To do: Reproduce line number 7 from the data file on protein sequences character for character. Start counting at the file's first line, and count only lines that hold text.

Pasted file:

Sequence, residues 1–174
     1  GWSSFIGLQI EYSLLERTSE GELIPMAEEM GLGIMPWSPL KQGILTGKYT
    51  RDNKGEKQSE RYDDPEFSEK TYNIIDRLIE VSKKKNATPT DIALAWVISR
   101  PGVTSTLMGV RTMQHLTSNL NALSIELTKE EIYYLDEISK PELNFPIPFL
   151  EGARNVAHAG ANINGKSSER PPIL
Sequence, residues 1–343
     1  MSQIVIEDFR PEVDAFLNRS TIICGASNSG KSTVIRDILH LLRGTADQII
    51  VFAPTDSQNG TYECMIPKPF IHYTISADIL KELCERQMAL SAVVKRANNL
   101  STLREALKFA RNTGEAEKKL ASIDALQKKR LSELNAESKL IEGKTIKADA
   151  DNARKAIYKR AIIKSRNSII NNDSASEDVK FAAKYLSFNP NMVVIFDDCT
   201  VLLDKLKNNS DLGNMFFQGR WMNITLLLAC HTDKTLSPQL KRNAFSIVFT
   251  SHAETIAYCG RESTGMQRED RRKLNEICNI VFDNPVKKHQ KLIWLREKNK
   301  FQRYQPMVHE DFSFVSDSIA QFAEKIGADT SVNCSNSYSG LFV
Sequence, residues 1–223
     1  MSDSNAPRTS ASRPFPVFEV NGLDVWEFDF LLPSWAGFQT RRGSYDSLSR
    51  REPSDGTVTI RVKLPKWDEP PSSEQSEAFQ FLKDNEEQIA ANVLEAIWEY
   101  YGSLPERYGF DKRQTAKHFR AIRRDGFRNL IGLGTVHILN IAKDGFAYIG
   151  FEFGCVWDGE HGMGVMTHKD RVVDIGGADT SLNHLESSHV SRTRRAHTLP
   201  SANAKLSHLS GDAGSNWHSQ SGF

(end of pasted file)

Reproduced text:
     1  MSQIVIEDFR PEVDAFLNRS TIICGASNSG KSTVIRDILH LLRGTADQII